By nature, all financial instruments involve market and credit risks. We enter into forward contracts with major investment grade financial institutions and have policies to monitor the credit risk of those counterparties. While there can be no assurance, we do not anticipate any material non-performance by any of these counterparties.
 
Foreign Currency Forward Contracts. We hedge forecasted intercompany sales denominated in foreign currencies through the use of forward contracts.  We account for these forward contracts as cash flow hedges.  To the extent these forward contracts meet hedge accounting criteria, changes in their fair value are not included in current earnings but are included in accumulated other comprehensive loss.  These changes in fair value will be recognized into earnings as a component of sales or cost of sales when the forecasted transaction occurs.  The notional contract amounts for forward contracts outstanding at September 30, 2018 which have been accounted for as cash flow hedges totaled $147.8 million. Net realized gains (losses)

7


recognized for forward contracts accounted for as cash flow hedges approximated $0.1 million and $(0.5) million for the three months ended September 30, 2018 and 2017, respectively, and $(1.5) million and $0.0 million for the nine months ended September 30, 2018 and 2017, respectively. At September 30, 2018, $1.7 million of net unrealized gains on forward contracts accounted for as cash flow hedges, and included in accumulated other comprehensive loss, are expected to be recognized in earnings in the next twelve months.

We also enter into forward contracts to exchange foreign currencies for United States dollars in order to hedge our currency transaction exposures.  These forward contracts settle each month at month-end, at which time we enter into new forward contracts.  We have not designated these forward contracts as hedges and have not applied hedge accounting to them.  The notional contract amounts for forward contracts outstanding at September 30, 2018 which have not been designated as hedges totaled $30.8 million. Net realized gains (losses) recognized in connection with those forward contracts not accounted for as hedges approximated $0.2 million and $(0.5) million for the three months ended September 30, 2018 and 2017, respectively, offsetting gains (losses) on our intercompany receivables of $(0.5) million and $0.4 million for the three months ended September 30, 2018 and 2017, respectively. Net realized gains (losses) approximated $0.6 million and $(1.2) million for the nine months ended September 30, 2018 and 2017, respectively, offsetting gains (losses) on our intercompany receivables of $(1.2) million and $0.7 million for the nine months ended September 30, 2018 and 2017, respectively. These gains and losses have been recorded in selling and administrative expense in the consolidated condensed statements of comprehensive income.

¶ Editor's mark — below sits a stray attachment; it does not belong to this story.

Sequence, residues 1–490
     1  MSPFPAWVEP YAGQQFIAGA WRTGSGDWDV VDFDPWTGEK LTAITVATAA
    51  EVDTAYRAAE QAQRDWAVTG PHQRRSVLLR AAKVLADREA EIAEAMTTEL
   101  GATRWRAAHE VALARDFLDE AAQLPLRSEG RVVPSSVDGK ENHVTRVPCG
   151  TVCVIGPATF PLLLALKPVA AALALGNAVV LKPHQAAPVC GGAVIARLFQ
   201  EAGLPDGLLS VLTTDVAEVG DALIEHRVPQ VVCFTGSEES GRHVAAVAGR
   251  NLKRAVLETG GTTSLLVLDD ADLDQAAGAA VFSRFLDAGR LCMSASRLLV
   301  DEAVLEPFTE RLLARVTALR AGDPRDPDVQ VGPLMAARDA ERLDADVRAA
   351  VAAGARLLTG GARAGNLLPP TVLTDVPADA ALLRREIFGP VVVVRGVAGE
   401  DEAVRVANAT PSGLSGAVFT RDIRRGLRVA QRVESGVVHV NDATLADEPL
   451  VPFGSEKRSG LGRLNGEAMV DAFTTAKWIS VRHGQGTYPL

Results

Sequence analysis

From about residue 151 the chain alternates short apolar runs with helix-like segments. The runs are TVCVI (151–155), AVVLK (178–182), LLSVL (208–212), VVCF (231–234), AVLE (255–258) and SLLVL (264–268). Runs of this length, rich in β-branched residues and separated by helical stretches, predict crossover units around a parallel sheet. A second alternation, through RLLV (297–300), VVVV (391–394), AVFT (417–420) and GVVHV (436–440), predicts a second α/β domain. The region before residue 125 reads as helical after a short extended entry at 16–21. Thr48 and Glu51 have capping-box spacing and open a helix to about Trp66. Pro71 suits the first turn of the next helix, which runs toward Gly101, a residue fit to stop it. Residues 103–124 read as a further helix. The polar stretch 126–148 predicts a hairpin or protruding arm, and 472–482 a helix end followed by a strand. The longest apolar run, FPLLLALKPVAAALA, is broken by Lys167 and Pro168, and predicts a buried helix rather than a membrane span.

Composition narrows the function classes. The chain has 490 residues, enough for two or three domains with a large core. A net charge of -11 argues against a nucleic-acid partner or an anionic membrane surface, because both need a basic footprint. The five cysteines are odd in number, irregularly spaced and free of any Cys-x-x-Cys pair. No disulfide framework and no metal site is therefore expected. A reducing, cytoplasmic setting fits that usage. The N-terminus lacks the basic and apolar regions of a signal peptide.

We record these forward foreign exchange contracts at fair value. The following tables summarize the fair value for forward foreign exchange contracts outstanding at September 30, 2018 and December 31, 2017:
September 30, 2018
Asset Fair Value
 
Liabilities Fair Value
 
Net
Fair
Value
Derivatives designated as hedged instruments:
 
 
 
 
 
Foreign exchange contracts
$
3,787

 
$
(685
)
 
$
3,102

 
 
 
 
 
 
Derivatives not designated as hedging instruments:
 

 
 

 
 

Foreign exchange contracts
28

 
(135
)
 
(107
)
 
 
 
 
 


Total derivatives
$
3,815

 
$
(820
)
 
$
2,995

December 31, 2017
Asset Fair Value
 
Liabilities Fair Value
 
Net
Fair
Value
Derivatives designated as hedged instruments:
 
 
 
 
 
Foreign exchange contracts
$
346

 
$
(5,945
)
 
$
(5,599
)
 
 
 
 
 
 
Derivatives not designated as hedging instruments:
 

 
 

 
 
Foreign exchange contracts
4

 
(78
)
 
(74
)
 
 
 
 
 
 
Total derivatives
$
350

 
$
(6,023
)
 
$
(5,673
)

Our forward foreign exchange contracts are subject to a master netting agreement and qualify for netting in the consolidated condensed balance sheets. Accordingly, at September 30, 2018, we have recorded the net fair value of $2.4 million and $0.7 million in prepaid expenses and other current assets and non-current other assets, respectively. At December 31, 2017, we have recorded the net fair value of $5.7 million in other current liabilities.
 
Fair Value Disclosure. FASB guidance defines fair value and establishes a framework for measuring fair value and related disclosure requirements. This guidance applies when fair value measurements are required or permitted. The guidance indicates, among other things, that a fair value measurement assumes that the transaction to sell an asset or transfer a liability occurs in the principal market for the asset or liability or, in the absence of a principal market, the most advantageous market for the asset or liability. Fair value is defined based upon an exit price model.